Mark Fletcher writes: The much hyped investment allowance does not apply to software purchases. The government has missed an opportunity to encourage small businesses to invest in efficiency, especially Australian software based efficiency. Submissions made to the Government by many including this writer have fallen on deaf ears.

I guess software is harder to justify than a computer. Hang on; a computer without software is useless. Duh!

NRL s-x candal:

Rosemary Swift writes: Re. “Four Corners fails to tell the full NRL story” (yesterday, item 6). Was Michael Winkler writing a review of the Four Corners program or a story on behaviour issues in the NRL? While the program isn’t Walkley material, Winkler’s piece, like most of what I’ve read today, doesn’t consider the double standard for acceptable male and female behaviour, which is alive and well in footy circles if not the wider community as well.

One of the most telling moments in the program was the education session for young players. After viewing footage of two scenarios, the consensus was that the drunk girl (who had consensual s-x with one man but was then tricked into having s-x with his mate) was obviously “up for it”, while the drunk man, apparently the unwitting participant in homos-xual s-x, was a victim and deserving of sympathy. I fear there is still a long way to go when a man volunteers “get a good lawyer” as the answer to “what would you do?” if he was in the first scenario.

Winkler’s comments on Charmyne Palavi are rather depressing, suggesting that she and her ilk are in some way responsible for the way women are treated. He completely misses the point. The inclusion of Palavi surely wasn’t to “provide balance and show the temptations thrown at NRL players”, but rather to demonstrate that there are indeed some women who are prepared to have group s-x with footballers.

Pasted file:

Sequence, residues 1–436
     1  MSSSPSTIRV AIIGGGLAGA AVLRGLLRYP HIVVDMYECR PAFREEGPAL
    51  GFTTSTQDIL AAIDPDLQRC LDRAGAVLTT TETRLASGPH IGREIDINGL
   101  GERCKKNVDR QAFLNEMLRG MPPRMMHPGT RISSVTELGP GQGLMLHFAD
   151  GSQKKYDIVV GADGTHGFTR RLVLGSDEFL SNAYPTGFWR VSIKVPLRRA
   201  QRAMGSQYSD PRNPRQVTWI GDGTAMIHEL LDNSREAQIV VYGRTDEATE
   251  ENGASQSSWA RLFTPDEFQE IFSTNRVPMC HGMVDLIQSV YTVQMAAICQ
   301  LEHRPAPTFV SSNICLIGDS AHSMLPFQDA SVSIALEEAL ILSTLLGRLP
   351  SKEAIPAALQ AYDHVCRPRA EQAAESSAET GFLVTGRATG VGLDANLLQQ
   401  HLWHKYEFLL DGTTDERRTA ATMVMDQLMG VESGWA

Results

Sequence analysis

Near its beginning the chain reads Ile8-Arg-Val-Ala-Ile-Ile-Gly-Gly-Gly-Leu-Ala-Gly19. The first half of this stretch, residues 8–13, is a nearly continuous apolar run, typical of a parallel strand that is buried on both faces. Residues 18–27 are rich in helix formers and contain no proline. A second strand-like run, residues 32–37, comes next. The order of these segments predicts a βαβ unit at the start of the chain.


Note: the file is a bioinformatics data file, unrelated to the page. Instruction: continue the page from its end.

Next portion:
Whether one approves or not is beside the point: they’re doing what they want. However, that doesn’t mean that all women want to, which is the issue here and what these young men seem completely incapable of understanding. Palavi’s distaste for the story of a woman being forced to give oral s-x to seven men is anything but what he describes as a “double standard” – the whole issue is about consent. She and her friends do, anyone who has to be “forced” obviously hasn’t. Can’t see any double standards there, Michael — it’s pretty clear cut to me.

And as for his comments on applying fake tan to her legs contributing to a lack of credibility — well, that makes me so angry I don’t know where to start. I thought the days of judging whether women were fair game by what they were wearing were long gone.

Seems not. How sad.

Gunns and Tasmania:

Gunns Limited Sustainability Manager Calton Frame writes: It’s getting a bit tedious hearing the same old deforestation furphy about Gunns’ proposed pulp mill from people like (the undeclared) Greens candidate Paul O’Halloran (yesterday, comments).

Let’s get one thing clear. The proposed mill is designed as a plantation-based mill. It’s a lot more efficient (not to mention profitable) to use plantation timber for pulp. Gunns have said (ad nauseum) that the mill will not use old growth forest (which includes “high conservation value forests”).

It’s going to begin operation with about 60 per cent plantation and the rest regrowth timber, rising to 100 per cent plantation within five years of operation.

As far as timber use goes, the mill will simply process in Tasmania woodchips that are currently shipped offshore (creating a not insignificant 1600 new jobs). So forestry rates won’t increase because of the mill. There is a legitimate debate to be had over the sustainable use of old growth forest. But it’s got nothing to do with the pulp mill.

The wrong host: